Also from Ron Silliman:
According to a survey by the Book Industry Study in 2005, Under the Radar, there are some 63,000 small presses generating $14.2 billion in sales. By comparison, as a result of industry consolidation there are about six large publishers today. And according to the Association of American Publishers, based in New York City, overall book sales hit $23.7 billion last year, up a slim 1.3%.
$14.2 billion out a total volume of $23.7 billion. That’s more than half. Isn’t it thus time that a majority of book coverage â€“ and book reviews â€“ concentrates on small and independent presses rather than the big six?
Poetry can be business but it’s also a buyer’s market
Joseph Bednarik in The Law of Diminishing Readership said
In a statistical mood, I once estimated how many “good poems” were being produced by recent graduates of MFA programs. Keeping all estimates conservative, I figured there had to be at least 450 poets graduating nationwide each year. If each MFA graduate wrote just one good poem a year for ten years, at the end of a decade we would have 24,750 good poemsâ€”not to mention 4,500 degree-bearing poets, each of whom was required to write a book-length manuscript in order to graduate. New poems, poets, and manuscripts are added to the inventory every year.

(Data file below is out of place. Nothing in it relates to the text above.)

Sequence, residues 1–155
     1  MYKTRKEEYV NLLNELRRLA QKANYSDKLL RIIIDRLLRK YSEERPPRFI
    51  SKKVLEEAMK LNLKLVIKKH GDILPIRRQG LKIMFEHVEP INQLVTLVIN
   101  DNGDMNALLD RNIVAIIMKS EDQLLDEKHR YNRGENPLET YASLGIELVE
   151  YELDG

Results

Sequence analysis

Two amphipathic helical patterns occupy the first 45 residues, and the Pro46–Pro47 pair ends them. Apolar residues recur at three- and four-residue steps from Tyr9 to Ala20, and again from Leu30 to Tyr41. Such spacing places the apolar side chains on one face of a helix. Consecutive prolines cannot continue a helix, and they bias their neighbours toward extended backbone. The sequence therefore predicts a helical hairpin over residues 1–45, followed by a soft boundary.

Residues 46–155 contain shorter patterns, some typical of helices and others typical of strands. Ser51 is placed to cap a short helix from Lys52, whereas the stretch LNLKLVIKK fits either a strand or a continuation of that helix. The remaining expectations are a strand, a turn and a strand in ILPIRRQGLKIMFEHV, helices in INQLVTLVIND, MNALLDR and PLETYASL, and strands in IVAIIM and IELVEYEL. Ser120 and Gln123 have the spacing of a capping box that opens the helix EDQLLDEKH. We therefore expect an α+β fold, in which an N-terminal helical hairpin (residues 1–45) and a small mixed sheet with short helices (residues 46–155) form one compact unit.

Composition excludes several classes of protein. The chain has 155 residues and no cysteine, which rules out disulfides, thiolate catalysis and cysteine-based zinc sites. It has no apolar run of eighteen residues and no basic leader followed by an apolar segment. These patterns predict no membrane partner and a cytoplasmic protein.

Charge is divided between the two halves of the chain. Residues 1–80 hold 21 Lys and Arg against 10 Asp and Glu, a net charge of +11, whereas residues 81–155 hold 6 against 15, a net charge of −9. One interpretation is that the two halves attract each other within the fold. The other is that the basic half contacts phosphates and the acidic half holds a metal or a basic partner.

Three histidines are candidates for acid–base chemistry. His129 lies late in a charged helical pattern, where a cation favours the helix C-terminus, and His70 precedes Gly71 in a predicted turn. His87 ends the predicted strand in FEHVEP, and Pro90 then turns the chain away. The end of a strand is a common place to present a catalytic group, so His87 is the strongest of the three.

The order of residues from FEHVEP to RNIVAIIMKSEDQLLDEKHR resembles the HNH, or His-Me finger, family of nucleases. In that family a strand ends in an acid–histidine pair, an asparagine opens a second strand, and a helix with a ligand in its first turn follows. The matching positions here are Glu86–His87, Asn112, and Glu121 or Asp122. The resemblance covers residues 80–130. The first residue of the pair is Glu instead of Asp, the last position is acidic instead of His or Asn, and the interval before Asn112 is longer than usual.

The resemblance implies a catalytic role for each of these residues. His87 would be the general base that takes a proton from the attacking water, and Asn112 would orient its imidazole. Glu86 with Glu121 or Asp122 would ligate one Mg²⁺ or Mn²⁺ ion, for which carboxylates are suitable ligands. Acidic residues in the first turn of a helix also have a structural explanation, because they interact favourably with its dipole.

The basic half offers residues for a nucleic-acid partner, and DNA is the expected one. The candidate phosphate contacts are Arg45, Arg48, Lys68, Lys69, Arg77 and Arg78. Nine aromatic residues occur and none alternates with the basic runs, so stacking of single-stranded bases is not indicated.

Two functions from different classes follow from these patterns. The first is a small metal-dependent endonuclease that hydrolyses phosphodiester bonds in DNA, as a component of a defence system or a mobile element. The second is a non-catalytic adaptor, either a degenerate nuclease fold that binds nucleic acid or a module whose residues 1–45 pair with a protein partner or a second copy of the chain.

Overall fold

This journal is languishing with my only putting up the subset of poems that I wrote which are not dreck, which may be of interest to others and yet cannot be sent to market immediately.
Therefore I’m going to
pad. ahem, that is expand my mandate.
The thought is I will include what poetry I’m reading, perhaps even what lit I’m reading generally and thoughts on that. Not to take it to the extreme of book discussions or literature reviews. Heaven forbid my making that much work for myself. We’ll see how it goes.
At the moment my head is reeling (in a good way) from the books I picked up at Baico books.
Since I should decompress after an exciting hockey game, poetry isn’t any better than chocolate for the need of the hour but if we stuck only to needs and excluded desires, whereever would we be.
I really should be asleep for an early start tomorrow, I’ll only mention this topmost thought:
Letters on Birchbark are poems of Quebecois writer Uta Regoli in translation by Henry Beissel which have the inner sing of walking deep in the woods as the mind clears and some amalgam rhythm of heart, pulse and footsteps come into music. That may be an entirely internal way of describing it but let me quote a bit and see if you can hear that something beyond words or word choice in a way, beyond concepts. Something like spartan, something like lyricism. I don’t even know if I’ll hear tomorrow but now:
City In March
But in the backyards
there is snow
and broken pieces of plastic
and the wings of seagulls
caught in wires
and ice […]
But up above
in the tattered clouds
geese cackle louder
than the acid breathing
of this stone animal.
the season of tangerine
loose skin unacidic sweet flesh
falling to nectar on the tongue
has passed but coming is the
apricot, the mango after this gap
and the next